Author Leslie Mac created a Twitterstorm of conversation when she created the #PayBlackWomen hashtag earlier this afternoon. The topic began trending nationwide, with many women joining the discussion with their own professional anecdotes and experiences.
Politicians, activists, and social media influencers helped to make the hashtag become viral.
The facts are simple–Black women earn .63 cents to every White man’s dollar. Black women have to work a whopping 8 months more a year to make what a white man would earn in a calendar year. The wage disparity is exasperated by the lack of women in leadership roles. Executive positions are usually high earning, and employees in those positions are also the decision makers when it comes to hiring, work culture and paid leave time (which could include days allocated to maternity leave). As of 2014, Black women only held 1.5 percent of senior level positions in America, according to the Washington Post.
In the absence of executive leadership role opportunities and salaries, Black women encompass a large majority of the low paying hourly wage food industry, with 28% of Black women holding service roles compared to 17.4% of White women. These smaller salaries are often stretched to provide for entire families, with 45% of Black families in America being supported by women as the head of household, according to the Department Of Labor.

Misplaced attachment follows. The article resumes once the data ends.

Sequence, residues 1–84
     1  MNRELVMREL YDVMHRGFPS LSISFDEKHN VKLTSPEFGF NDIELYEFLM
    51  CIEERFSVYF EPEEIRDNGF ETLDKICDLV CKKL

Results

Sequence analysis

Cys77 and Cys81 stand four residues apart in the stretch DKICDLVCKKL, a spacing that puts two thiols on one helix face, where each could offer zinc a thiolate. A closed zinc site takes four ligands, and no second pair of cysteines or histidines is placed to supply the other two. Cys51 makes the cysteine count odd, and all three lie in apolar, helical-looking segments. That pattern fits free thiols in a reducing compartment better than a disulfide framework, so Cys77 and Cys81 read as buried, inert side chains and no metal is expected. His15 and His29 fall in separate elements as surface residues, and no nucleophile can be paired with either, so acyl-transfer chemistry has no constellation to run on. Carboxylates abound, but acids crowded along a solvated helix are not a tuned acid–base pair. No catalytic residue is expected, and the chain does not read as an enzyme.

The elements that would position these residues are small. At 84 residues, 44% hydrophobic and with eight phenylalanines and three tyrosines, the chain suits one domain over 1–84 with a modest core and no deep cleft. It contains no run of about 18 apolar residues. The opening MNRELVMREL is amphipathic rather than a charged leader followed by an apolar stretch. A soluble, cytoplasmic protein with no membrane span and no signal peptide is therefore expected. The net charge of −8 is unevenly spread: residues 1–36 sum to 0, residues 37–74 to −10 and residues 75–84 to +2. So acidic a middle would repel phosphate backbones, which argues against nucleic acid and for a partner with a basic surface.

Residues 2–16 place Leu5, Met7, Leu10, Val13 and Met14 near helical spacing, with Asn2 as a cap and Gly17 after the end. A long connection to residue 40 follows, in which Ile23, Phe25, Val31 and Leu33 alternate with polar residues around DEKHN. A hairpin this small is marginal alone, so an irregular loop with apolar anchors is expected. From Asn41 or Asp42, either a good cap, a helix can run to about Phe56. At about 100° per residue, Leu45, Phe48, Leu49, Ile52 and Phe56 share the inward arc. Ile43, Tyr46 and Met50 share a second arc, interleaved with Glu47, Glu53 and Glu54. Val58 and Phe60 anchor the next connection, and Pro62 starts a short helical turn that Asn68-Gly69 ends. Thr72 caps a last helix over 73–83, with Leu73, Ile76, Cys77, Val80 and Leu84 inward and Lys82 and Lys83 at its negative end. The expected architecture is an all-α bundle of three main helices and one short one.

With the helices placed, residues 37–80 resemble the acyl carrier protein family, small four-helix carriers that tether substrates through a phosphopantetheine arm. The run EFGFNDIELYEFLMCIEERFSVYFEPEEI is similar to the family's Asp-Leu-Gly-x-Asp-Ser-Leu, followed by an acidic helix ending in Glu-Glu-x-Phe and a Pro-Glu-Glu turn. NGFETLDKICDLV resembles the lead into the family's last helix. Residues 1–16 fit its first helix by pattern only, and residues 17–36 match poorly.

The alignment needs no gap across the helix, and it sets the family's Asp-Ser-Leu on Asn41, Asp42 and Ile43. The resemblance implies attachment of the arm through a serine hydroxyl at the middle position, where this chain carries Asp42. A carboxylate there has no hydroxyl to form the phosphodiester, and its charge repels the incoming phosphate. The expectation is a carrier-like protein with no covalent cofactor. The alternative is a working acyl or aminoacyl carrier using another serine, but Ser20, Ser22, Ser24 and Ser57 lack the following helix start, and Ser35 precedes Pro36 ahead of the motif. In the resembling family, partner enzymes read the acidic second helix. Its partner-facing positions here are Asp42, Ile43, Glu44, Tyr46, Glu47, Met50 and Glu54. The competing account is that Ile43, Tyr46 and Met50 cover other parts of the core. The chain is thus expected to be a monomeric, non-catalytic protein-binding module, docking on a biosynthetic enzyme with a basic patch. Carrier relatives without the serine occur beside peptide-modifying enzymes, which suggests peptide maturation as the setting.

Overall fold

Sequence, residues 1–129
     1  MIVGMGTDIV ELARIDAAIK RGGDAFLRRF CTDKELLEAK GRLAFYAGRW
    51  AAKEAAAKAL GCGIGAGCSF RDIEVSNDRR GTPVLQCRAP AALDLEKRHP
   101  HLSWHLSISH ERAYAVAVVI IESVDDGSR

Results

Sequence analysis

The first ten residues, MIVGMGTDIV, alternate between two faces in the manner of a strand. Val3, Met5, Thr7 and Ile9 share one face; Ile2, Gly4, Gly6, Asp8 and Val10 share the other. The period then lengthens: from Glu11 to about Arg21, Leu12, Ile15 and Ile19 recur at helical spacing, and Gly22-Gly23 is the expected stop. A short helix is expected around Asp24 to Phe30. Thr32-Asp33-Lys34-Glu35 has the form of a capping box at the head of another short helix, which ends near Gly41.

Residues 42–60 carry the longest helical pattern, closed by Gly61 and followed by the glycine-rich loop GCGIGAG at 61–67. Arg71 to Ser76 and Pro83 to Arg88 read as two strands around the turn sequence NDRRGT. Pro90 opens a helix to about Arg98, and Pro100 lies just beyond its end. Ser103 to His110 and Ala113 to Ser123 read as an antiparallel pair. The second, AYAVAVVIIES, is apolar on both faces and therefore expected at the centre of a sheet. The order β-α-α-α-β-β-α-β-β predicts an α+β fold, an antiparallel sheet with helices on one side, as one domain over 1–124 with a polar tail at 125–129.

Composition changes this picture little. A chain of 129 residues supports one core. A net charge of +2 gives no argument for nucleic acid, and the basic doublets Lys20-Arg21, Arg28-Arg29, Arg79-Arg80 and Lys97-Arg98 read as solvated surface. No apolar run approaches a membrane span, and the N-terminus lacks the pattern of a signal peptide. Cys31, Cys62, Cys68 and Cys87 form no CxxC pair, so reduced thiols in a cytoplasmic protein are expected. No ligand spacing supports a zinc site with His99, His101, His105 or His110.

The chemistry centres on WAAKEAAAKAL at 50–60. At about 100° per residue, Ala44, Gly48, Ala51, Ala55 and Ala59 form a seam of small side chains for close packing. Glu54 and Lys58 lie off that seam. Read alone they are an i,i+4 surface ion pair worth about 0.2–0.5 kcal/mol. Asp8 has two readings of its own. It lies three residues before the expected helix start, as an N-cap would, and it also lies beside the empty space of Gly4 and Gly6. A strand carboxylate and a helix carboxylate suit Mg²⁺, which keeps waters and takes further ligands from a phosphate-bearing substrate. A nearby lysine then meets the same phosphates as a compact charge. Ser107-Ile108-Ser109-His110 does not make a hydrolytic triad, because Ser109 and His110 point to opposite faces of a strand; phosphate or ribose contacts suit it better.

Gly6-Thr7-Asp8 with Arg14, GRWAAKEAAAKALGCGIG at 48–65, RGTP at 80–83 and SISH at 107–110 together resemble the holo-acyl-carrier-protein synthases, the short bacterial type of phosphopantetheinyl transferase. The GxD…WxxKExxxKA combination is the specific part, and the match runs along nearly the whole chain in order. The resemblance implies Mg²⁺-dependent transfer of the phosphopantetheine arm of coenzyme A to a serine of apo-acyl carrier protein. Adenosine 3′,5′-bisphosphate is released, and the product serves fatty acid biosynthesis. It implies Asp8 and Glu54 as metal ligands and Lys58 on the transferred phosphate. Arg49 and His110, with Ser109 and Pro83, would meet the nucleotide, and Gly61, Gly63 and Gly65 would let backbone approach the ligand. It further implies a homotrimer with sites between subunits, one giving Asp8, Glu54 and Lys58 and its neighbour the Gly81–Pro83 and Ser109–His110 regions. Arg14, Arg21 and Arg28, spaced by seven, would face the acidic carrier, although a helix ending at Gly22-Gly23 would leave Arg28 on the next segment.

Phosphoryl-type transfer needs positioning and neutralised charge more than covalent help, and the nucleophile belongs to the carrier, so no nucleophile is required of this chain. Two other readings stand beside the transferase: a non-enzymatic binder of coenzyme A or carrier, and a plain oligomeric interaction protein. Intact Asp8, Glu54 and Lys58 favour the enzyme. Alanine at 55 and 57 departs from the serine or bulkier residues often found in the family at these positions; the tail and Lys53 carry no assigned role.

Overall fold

Bringing in a dismal yearly income is also not enough to cover the massive student loan burden that is crippling Black women in America. Yes, we are more educated on average then our male counterparts, but the consequences of this education is 14% more student loan debt.
And to top off the already insidious cocktail of pay wage issues, when women are in leadership positions, they are often diminished by their male counterparts via sexual harassment, misogynoir, idea theft, or social labeling such as “diva” or “bitch.”
Legislation wise, Black women and our allies can work to remedy this social and economic ill by supporting politicians who support the Paycheck Fairness Act, a bill that would help enforce the provisions of the Equal Pay Act of 1963. Line items of the bill include requiring employers to demonstrate that wage differences are based on qualifications other than sex, prohibiting retaliation against employees who disclose their salary, and strengthening penalties for employers who violate the equal pay laws.
There are also motions in place to support affordable child care and paternal leave for parents, unions, anti-discrimination bills, and the one fair wage bill that would require all American restaurants to pay their employees at least minimum wage.